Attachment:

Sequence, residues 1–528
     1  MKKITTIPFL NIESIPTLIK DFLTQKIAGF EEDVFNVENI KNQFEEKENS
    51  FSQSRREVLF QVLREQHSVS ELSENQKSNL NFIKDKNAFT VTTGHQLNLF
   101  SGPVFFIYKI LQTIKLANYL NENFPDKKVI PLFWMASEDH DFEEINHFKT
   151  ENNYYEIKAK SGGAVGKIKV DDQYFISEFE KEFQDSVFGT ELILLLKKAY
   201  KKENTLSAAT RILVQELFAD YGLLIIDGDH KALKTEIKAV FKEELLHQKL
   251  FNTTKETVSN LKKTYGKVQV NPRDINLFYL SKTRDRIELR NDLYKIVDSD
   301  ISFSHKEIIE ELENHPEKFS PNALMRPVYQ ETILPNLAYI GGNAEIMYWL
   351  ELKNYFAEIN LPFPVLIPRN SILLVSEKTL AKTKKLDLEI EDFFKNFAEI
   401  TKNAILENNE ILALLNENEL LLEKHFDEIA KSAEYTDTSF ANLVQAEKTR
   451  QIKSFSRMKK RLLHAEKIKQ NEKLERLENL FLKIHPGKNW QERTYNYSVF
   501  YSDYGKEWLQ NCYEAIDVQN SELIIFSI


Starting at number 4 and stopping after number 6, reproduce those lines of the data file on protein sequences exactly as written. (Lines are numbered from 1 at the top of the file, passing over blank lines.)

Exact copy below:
   101  SGPVFFIYKI LQTIKLANYL NENFPDKKVI PLFWMASEDH DFEEINHFKT
   151  ENNYYEIKAK SGGAVGKIKV DDQYFISEFE KEFQDSVFGT ELILLLKKAY
   201  KKENTLSAAT RILVQELFAD YGLLIIDGDH KALKTEIKAV FKEELLHQKL